NZB sites have already done the searching for you and have pre-packaged quality search results in NZB files for you to save, open in your newsreader and download the files and content they point to. In other words, you don’t need to use Usenet search engines if you use an NZB site.
The advantage of NZB files is that they collect and combine all the references to the various newsgroup posts that a file or content you are looking for may be strewn across.
This saves you from having to track down all the bits and pieces, especially of larger files that may be fragmented in different posts and which may even have different parts in different newsgroups.
Some NZB sites are free, while others charge a fee for access. In addition, some NZB sites are open, while others are invitation only meaning you must be invited by an existing member. Sometimes an NZB site is open for a short time to accept new members and then closes again. To catch an invitation, monitor the subreddits Usenet Invites (quite active) and NZB Invites (not so active).
NZB Sites and Usenet Automation
NZB sites become essential once you start to explore Usenet automation. That’s because the NZB sites (mostly the paid ones) can be configured to detect when content you are interested in is posted in newsgroups, to automatically send NZB files to newsreader and to download the content. For example, this is a great way to grab new releases on Usenet before any takedown notices kick in.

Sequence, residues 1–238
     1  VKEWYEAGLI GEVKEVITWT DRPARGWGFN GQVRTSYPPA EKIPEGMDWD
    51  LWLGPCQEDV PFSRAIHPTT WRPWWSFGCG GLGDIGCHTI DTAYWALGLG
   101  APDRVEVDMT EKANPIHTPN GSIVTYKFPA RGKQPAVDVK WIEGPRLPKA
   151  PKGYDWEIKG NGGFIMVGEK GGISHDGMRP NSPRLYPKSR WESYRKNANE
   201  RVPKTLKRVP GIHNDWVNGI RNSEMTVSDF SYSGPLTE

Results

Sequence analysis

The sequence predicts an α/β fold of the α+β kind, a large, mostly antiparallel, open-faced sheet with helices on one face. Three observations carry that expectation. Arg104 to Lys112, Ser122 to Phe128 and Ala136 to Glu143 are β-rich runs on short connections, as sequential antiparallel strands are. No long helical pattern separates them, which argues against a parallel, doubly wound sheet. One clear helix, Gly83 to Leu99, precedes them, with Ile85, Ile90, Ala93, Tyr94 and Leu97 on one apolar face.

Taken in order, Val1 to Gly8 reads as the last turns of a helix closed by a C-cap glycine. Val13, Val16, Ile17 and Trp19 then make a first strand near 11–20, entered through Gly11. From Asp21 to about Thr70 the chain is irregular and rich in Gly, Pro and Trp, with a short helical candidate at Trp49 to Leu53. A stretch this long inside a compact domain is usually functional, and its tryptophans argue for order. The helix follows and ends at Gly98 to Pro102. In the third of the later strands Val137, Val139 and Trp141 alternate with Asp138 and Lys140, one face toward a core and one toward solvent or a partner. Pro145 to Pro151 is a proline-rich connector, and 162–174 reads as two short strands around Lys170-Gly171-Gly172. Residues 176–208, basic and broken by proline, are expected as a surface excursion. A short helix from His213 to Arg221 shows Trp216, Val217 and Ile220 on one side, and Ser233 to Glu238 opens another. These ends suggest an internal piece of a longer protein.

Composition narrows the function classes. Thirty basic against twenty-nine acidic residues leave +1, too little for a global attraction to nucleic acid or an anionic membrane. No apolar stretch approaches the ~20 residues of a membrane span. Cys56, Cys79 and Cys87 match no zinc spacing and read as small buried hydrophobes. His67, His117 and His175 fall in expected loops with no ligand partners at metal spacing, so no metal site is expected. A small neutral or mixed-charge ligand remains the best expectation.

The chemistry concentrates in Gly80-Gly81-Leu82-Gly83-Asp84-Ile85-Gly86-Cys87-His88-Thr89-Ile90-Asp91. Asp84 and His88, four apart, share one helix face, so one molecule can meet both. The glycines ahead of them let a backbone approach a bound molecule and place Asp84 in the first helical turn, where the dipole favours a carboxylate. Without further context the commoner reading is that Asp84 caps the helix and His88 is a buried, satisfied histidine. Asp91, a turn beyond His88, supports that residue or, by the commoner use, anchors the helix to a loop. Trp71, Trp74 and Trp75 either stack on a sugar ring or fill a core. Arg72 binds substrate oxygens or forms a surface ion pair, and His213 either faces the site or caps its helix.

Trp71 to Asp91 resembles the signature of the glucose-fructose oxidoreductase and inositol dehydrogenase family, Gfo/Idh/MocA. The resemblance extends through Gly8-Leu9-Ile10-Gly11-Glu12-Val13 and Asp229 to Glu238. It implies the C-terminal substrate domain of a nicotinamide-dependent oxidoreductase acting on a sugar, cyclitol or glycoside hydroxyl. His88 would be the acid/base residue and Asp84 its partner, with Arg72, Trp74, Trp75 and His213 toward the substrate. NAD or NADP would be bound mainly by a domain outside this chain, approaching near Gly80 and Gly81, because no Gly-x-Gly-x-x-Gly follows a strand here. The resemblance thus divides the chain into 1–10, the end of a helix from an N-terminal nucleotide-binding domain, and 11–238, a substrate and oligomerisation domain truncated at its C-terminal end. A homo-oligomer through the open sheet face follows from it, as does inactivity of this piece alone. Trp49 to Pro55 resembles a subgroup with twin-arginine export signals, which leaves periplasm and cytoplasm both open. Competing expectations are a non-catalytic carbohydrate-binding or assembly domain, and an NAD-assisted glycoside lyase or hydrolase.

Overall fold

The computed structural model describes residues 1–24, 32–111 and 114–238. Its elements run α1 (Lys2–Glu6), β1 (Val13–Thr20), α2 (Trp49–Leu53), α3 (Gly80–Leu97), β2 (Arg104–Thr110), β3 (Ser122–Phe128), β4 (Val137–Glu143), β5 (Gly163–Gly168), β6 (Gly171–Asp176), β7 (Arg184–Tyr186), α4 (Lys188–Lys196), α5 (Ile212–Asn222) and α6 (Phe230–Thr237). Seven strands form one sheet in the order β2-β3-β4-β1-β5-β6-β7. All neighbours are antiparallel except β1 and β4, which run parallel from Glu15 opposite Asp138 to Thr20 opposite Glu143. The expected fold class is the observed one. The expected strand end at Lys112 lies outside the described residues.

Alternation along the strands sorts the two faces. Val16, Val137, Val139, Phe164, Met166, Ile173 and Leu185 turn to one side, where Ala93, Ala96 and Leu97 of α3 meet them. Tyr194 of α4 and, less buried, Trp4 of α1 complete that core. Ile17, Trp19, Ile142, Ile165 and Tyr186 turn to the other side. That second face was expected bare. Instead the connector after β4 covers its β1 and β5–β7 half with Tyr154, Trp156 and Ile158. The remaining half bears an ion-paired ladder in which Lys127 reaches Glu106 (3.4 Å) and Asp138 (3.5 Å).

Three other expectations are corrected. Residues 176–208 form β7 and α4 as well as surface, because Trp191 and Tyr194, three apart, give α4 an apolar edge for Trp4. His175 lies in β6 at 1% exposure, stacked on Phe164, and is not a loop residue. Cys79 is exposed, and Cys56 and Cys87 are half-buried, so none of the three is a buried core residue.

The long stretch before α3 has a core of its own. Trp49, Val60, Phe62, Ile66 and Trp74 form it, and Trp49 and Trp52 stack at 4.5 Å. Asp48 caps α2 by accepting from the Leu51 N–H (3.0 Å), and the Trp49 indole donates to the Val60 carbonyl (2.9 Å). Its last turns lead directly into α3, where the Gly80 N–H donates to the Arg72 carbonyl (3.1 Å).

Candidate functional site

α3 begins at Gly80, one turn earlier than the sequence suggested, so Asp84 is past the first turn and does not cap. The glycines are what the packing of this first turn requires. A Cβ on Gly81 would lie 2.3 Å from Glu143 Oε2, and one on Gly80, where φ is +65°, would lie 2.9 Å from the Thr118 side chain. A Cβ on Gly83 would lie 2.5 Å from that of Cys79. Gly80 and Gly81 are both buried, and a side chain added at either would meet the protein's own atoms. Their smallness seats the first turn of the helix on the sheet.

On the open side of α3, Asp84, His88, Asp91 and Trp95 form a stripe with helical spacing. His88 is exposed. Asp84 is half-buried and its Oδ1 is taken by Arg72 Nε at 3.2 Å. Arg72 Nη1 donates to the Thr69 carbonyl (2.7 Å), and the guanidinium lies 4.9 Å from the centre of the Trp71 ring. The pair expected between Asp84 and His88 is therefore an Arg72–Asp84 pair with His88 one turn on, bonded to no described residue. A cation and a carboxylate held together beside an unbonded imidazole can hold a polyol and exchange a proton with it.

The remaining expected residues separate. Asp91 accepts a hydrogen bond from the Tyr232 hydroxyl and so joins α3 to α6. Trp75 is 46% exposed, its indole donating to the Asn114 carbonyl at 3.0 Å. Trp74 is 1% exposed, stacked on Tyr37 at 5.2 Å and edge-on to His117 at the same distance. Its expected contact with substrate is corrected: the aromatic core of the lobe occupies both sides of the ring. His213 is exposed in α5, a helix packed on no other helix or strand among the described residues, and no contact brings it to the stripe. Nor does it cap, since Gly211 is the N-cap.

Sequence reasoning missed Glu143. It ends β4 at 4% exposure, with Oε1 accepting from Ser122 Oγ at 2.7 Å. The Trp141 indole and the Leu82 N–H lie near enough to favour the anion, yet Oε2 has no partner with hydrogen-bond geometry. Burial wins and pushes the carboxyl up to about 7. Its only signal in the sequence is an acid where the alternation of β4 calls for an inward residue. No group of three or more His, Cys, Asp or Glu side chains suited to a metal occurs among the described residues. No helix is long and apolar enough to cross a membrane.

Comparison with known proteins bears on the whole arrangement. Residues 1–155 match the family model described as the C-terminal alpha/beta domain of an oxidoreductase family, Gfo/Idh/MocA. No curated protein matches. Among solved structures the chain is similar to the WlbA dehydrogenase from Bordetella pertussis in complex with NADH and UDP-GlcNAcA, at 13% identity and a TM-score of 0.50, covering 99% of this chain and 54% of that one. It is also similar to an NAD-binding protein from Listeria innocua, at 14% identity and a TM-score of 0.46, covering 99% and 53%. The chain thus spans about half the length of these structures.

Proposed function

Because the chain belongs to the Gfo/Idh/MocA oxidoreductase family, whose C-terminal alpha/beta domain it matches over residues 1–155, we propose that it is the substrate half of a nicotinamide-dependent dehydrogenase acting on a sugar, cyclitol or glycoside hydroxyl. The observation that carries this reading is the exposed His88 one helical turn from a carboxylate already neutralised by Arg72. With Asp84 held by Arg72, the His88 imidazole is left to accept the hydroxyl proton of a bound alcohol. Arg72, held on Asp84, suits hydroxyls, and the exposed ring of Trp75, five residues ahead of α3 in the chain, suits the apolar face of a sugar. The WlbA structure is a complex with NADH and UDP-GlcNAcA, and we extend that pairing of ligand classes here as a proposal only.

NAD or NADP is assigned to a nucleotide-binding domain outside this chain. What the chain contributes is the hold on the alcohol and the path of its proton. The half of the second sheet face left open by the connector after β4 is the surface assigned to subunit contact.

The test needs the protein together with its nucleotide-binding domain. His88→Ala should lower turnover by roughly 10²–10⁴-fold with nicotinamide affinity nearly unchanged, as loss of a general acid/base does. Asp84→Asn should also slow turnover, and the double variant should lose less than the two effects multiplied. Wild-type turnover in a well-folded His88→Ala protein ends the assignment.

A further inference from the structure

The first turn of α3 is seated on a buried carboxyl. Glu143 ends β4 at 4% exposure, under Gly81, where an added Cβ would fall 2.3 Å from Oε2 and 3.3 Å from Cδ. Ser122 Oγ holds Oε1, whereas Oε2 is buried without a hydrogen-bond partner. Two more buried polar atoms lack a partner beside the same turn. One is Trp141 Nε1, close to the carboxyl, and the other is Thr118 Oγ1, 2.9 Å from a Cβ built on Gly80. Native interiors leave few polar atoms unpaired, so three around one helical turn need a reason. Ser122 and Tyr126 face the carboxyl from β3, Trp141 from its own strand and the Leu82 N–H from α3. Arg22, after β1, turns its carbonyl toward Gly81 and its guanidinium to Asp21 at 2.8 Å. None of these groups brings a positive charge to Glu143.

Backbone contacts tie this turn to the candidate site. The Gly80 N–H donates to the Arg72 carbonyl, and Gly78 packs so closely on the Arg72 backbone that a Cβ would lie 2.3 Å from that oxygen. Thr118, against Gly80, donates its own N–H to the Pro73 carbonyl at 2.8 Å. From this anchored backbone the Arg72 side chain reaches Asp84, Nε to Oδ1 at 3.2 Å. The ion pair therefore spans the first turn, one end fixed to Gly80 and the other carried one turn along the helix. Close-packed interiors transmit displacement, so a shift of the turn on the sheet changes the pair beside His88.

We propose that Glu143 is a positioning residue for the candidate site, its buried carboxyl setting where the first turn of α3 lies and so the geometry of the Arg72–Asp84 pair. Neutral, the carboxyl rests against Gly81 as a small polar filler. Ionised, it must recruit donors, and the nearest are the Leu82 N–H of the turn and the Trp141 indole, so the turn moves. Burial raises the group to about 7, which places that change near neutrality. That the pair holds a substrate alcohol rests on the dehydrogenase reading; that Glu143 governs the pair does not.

Popular Open and Free NZB Sites
Here are the most popular open and free NZB sites:
GingaDADDY – 30,000 members and 786,000+ NZB titles
NZB Tortuga - 5,000 members with 54,000 NZB titles available [update: sadly, now closed]
NZBHangout – 5,000 members with 50,000 NZB titles available [update: dead]
Popular Paid NZB Sites
The most popular paid NZB sites open to members are as follows:
NZB.Is - $10 lifetime membership
altHUB - $5 annual membership or $10 lifetime
We also maintain a comprehensive data table of dozens of NZB search sites so you can compare them side-by-side.
Usenet Search Wrap Up
Usenet really starts to get interesting once you figure out how to properly search for the files and content you are interested in.
The 3 ways to search on Usenet – newsreader search, Usenet search engines and NZB index sites – let you do just that.